Annals of Tropical Medicine and Public Health
Home About us Ahead Of Print Instructions Submission Subscribe Advertise Contact e-Alerts Editorial Board Login 
Users Online:729
  Print this page  Email this page Small font sizeDefault font sizeIncrease font size
Year : 2013  |  Volume : 6  |  Issue : 2  |  Page : 179-182

Predicting changing measles epidemiology in an urban West African population

1 Department of Paediatrics, Federal Medical Centre, Yola, Adamawa, Nigeria
2 Department of Paediatrics, University of Maiduguri Teaching Hospital, Maiduguri, Nigeria

Correspondence Address:
Baba Usman Ahmadu
Department of Paediatrics, Federal Medical Centre Yola, Adamawa State
Login to access the Email id

Source of Support: None, Conflict of Interest: None

DOI: 10.4103/1755-6783.116502

Rights and Permissions

Background: Measles remains a major cause of childhood morbidity and mortality. Control of measles is complicated by pattern of measles transmission in which children are infected after they lose their protection from maternal measles antibodies (MMAs). As such, infants become measles prone before the age of measles immunization. This study, therefore, aimed at predicting changing epidemiology of measles in children in Maiduguri, Borno State, Nigeria. Materials and Methods: One hundred and thirty six infants at the age of seven months were enrolled in this study using the stratified random sampling method, and were tested for MMAs using enzyme-linked immunosorbent assay. Results: Sixty nine (50.7%) of the infants were males and 67 (49.3%) females, giving an approximate male to female ratio of 1.03:1. Comparing mean MMA levels of infants, for those who were protective and those who were unprotective was significant (P<0.0001). Most of the infants (125, 91.9%) had unprotective MMAs at seven months of age. Conclusion: Majority of infants in this study had unprotective MMAs at seven months of age and are more susceptible to measles. There is the need to monitor similar trend of events in other parts of Nigeria and abroad in order to report changing ecology of measles.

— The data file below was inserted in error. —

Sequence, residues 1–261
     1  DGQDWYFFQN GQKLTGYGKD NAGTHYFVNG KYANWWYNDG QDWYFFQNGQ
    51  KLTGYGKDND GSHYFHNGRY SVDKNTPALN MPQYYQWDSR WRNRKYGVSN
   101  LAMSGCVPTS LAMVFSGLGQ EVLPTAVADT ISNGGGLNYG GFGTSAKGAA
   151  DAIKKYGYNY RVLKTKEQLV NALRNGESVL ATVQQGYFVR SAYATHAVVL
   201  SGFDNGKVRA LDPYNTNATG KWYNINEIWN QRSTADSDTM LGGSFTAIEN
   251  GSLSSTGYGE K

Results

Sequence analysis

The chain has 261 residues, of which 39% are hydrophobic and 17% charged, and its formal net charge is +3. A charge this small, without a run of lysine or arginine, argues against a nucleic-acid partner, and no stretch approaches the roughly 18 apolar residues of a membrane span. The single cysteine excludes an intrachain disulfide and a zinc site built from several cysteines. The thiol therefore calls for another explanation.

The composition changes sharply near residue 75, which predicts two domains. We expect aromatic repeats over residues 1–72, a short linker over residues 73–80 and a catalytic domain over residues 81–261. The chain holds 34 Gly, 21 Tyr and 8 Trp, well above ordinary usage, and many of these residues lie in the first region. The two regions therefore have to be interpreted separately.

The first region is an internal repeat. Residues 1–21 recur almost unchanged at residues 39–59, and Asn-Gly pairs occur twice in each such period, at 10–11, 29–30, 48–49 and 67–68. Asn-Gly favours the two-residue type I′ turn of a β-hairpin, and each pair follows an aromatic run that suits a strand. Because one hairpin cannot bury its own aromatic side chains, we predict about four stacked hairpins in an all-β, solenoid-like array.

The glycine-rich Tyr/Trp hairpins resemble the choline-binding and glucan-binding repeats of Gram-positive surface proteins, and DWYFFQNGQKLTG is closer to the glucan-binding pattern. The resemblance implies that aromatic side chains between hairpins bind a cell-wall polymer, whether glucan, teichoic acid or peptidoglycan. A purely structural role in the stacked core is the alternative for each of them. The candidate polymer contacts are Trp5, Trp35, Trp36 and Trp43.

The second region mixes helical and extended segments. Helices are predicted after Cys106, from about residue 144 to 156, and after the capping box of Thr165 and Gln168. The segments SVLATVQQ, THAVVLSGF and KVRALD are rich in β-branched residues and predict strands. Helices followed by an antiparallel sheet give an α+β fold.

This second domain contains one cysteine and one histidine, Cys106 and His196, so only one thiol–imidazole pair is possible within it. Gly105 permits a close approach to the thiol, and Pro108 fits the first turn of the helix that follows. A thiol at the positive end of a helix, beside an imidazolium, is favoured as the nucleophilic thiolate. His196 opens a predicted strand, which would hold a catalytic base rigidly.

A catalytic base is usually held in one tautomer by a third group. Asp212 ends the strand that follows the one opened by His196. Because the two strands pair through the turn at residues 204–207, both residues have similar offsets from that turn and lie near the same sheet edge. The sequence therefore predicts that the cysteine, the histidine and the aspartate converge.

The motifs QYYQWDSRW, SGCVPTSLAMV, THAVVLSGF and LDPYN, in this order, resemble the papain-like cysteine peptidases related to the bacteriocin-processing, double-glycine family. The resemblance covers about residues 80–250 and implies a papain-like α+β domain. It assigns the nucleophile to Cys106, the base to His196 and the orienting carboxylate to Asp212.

Print this article     Email this article
 Next article
 Previous article
 Table of Contents

 Similar in PUBMED
   Search Pubmed for
   Search in Google Scholar for
 Related articles
 Citation Manager
 Access Statistics
 Reader Comments
 Email Alert *
 Add to My List *
 * Requires registration (Free)

 Article Access Statistics
    PDF Downloaded13    
    Comments [Add]    

Recommend this journal